Film Score Monthly
Screen Archives Entertainment 250 Golden and Silver Age Classics on CD from 1996-2013! Exclusive distribution by SCREEN ARCHIVES ENTERTAINMENT.
Wild Bunch, The King Kong: The Deluxe Edition (2CD) Body Heat Friends of Eddie Coyle/Three Days of the Condor, The It's Alive Ben-Hur Frantic Nightwatch/Killer by Night Gremlins
FSM HOME MESSAGE BOARD FSM CDs FSM ONLINE RESOURCES FUN STUFF ABOUT US  SEARCH FSM   
LOG IN
Forgot Login?
Register
Composer:
Keyword:
Line:
Month:
Year:
 
All Titles
Graphical | Text Only
Recent Releases
Graphical | Text Only
Golden Age Classics
Graphical | Text Only
Silver Age Classics
Graphical | Text Only
Retrograde Records
Graphical | Text Only
Box Sets
Graphical | Text Only
Composers
Site Map
Visits since
February 5, 2001:
14916936
© 2014 Film Score Monthly.
All Rights Reserved.
Return to FSM CDs Previous CD | Next CD
The Subterraneans (1960)
Music by Andre Previn
The Subterraneans The Subterraneans
Click to enlarge images.
Price: $19.95
Limited #: 3000
View CD Page at SAE Store
Line: Golden Age
CD Release: January 2005
Catalog #: Vol. 7, No. 19
# of Discs: 1

Released by Special Arrangement with Turner Classic Movies Music

The Subterraneans (1960) was an attempt to package the Beat generation for mainstream consumption. Based on the novel by Jack Kerouac, the film was produced by the legendary Arthur Freed and starred George Peppard, Leslie Caron and Roddy McDowall. Its reception was mixed but stellar in one key respect: the progressive jazz soundtrack—one of the all-time best—composed and conducted by André Previn.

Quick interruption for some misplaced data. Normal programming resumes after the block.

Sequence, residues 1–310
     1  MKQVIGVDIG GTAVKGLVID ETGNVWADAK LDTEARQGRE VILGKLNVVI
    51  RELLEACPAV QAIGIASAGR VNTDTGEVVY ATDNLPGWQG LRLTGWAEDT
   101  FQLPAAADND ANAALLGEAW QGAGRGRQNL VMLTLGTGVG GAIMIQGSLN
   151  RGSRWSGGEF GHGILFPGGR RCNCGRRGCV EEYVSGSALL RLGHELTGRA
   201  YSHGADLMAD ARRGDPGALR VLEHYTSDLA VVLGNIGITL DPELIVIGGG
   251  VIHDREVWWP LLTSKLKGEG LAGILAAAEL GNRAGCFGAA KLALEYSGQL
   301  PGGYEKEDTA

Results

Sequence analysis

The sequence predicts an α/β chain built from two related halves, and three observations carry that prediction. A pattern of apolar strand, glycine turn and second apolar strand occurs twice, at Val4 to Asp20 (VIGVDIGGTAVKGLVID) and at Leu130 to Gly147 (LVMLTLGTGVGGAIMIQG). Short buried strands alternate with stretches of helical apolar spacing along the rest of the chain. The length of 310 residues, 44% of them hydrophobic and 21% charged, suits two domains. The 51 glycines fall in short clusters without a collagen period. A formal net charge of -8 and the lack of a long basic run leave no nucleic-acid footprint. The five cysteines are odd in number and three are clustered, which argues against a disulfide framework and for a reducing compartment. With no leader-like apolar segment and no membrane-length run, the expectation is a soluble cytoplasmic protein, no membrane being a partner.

Previn was the ideal composer to pull off such a marriage: at once a classically trained musician who scored a bevy of high-profile pictures for M-G-M in the 1950s, he was also a talented jazz pianist who soaked up the atmosphere of the West Coast jazz movement—all at 31 years of age.

Previn assembled a world-class roster of jazz artists: Gerry Mulligan (who also acted in the film), Carmen McRae, Shelly Manne, Red Mitchell, Buddy Clark, Dave Bailey, Art Pepper, Russ Freeman, Bill Perkins, Bob Enevoldsen, and Jack Sheldon. Previn himself appeared on-screen performing with The Andre Previn Trio. Previn composed an underscore that married his jazz source cues with the romantic aesthetic of the Hollywood symphonic style -- the venerated soloists move in and out of Previn's romantic, often modernist sound.

The Subterraneans was released on LP at the time of the film, and in recent years several of the jazz source selections were included on a Rhino compilation. This CD presents the definitive Subterraneans soundtrack running over 79 minutes: the original album program followed a new program of bonus selections, containing all of the previously released music and much more, including the underscore. Unlike most FSM CDs, the selections are not presented in film sequence, because in this case the score—with the jazz source cues—would not play well in literal film order.

The music has been remixed and remastered in stereo from the original 35mm three-track masters, with the exception of certain source cues which were recorded on monaural 17.5mm film. Liner notes are by Jeff Eldridge and Lukas Kendall.

Andre Previn Scores on FSM
About the Composer

André Previn (b. 1929) famously broke into film scoring at M-G-M while still a teenager—he was a child prodigy as a classical and jazz pianist who took to composing and arranging as well. In his twenties and thirties he scored numerous films and acted as music director for famous movie musicals like Gigi, Porgy and Bess and My Fair Lady. He largely retired from film in the late 1960s—fed up with Hollywood—to pursue a career as a classical conductor; he has also written operas and stayed active as a recording artist. Previn's early work as a film composer (much of it on obscure projects) is of startlingly high quality and FSM will continue to release it where possible. IMDB